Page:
Monday, September 28, 2009

Since When Do We Defend Child Rapists?

Excuse me, but I don’t care how many years have elapsed since you raped a 13-year-old, and I don’t care how talented a director you are or how old you are or how tragic your personal story may be. Rape is rape. It’s still a felony. And convictions are still convictions. We are a nation of laws, and laws related to felonies are important. And if you go on the lam to skip out on your sentencing I have no problem with your ass being thrown in jail when the law catches up with you 30 years later.

So, I happen to think Anne Applebaum is full of shit when she writes:
There must be some deeper story here, because by any reckoning the decision was bizarre -- though not nearly as bizarre as the fact that a U.S. judge wants to keep pursuing this case after so many decades.

Um, no, not really.

Just because someone has been on the lam for 30 years, or out of the reach of the long arm of United States law, doesn’t mean the law itself is unimportant. That’s the beauty of our system: no matter how much time has elapsed, right and wrong don’t change. If you’re convicted of a felony, you will serve your sentence. Unless you are pardoned or your conviction is overturned. That’s how these things work.

If it didn’t work this way, every wealthy person in the country would skip out on their sentencing and hole up in some French chateau until the public outrage has faded into memory and everyone is like, “bygones!” I don’t think so.

Applebaum goes on with this insanity:

Here are some of the facts: Polanski's crime -- statutory rape of a 13-year-old girl -- was committed in 1977. The girl, now 45, has said more than once that she forgives him, that she can live with the memory, that she does not want him to be put back in court or in jail, and that a new trial will hurt her husband and children.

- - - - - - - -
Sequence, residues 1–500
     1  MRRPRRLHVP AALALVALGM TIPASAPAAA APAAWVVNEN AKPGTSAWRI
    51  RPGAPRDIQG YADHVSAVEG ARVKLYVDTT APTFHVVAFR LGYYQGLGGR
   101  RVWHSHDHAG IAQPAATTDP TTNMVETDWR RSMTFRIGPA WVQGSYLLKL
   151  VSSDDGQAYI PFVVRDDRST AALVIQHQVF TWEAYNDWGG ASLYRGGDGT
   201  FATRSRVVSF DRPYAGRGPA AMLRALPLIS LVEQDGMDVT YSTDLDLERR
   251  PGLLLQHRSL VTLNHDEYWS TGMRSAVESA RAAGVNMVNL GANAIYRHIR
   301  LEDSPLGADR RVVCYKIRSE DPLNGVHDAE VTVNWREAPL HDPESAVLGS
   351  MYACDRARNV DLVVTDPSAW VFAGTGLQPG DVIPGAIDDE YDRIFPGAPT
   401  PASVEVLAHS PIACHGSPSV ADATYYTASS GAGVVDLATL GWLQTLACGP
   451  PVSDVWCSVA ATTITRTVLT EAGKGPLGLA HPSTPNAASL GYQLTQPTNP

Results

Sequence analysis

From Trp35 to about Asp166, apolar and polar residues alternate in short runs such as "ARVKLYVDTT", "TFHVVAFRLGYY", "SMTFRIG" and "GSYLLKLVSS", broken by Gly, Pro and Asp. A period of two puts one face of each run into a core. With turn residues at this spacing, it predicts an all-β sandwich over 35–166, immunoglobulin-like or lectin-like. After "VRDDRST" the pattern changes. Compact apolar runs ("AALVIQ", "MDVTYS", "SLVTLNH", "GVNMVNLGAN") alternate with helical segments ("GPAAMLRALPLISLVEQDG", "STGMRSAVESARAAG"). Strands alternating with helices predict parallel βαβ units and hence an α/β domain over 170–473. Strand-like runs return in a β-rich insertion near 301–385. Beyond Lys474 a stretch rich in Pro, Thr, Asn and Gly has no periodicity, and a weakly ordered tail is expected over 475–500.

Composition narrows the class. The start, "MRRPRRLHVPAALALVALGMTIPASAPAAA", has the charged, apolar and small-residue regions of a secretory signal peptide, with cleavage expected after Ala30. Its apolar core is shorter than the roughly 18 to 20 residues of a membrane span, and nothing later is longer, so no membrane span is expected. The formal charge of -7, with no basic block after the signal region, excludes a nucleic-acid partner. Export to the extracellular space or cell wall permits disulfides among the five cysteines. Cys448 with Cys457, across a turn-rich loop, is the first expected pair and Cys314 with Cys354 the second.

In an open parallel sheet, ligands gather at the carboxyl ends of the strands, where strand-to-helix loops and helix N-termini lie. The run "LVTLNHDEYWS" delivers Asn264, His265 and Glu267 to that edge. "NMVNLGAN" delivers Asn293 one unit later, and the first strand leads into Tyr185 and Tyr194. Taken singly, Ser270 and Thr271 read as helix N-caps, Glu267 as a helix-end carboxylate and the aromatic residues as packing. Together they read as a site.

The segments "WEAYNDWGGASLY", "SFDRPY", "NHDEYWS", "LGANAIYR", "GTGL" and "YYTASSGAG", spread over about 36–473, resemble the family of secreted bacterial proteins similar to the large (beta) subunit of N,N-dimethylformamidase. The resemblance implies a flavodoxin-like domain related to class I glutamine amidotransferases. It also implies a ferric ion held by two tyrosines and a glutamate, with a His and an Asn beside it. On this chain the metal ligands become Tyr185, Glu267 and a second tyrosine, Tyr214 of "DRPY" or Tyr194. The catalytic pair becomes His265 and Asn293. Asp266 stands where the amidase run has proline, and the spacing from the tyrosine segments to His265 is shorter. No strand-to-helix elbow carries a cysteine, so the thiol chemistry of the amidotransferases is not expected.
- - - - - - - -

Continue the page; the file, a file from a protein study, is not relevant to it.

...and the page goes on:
That’s nice but this wasn’t a civil trial, it was a criminal trial. It was the People of the State of California v. Polanski, not Samantha Geimer. I lived in California in 1977. I was 15 years old. I was one of “the people.”

Plus, I’m not sure what this “new trial” thing is about. He’s already been tried and convicted. He used his wealth and connections to skip out on sentencing. Apparently, people who are Pulitzer Prize-winning authors and American Enterprise Institute fellows are okay with that. Frankly, I have a problem with it. Lady Justice wears a blindfold, remember?

Back to Anne:

There is evidence of judicial misconduct in the original trial. There is evidence that Polanski did not know her real age.

These are two important points. If proved, the latter would be considered during sentencing--the very part of the trial Polanski has evaded for 30 years. (However, the mere fact that Polanski required the victim's mother's permission to photograph her for French Vogue tells us he knew she was underage.) If there truly was judicial misconduct then appeal, baby, appeal.

Polanski, who panicked and fled the U.S. during that trial, has been pursued by this case for 30 years, during which time he has never returned to America, has never returned to the United Kingdom., has avoided many other countries, and has never been convicted of anything else.

Well, decisions have consequences. Sorry but I don’t feel sorry him on that count.

He did commit a crime, but he has paid for the crime in many, many ways: In notoriety, in lawyers' fees, in professional stigma. He could not return to Los Angeles to receive his recent Oscar. He cannot visit Hollywood to direct or cast a film.

Oh, boo fucking hoo. You rape a 13 year old and you can't collect your Oscar 25 years later! Oh, the horror. Well, truly that must be punishment enough.

What I want to know is, when did it become okay for a 45 year old man to have sex with a 13 year old girl? When the perpetrator had a compelling backstory? Made a movie we liked?

Sorry, I'm not buying it.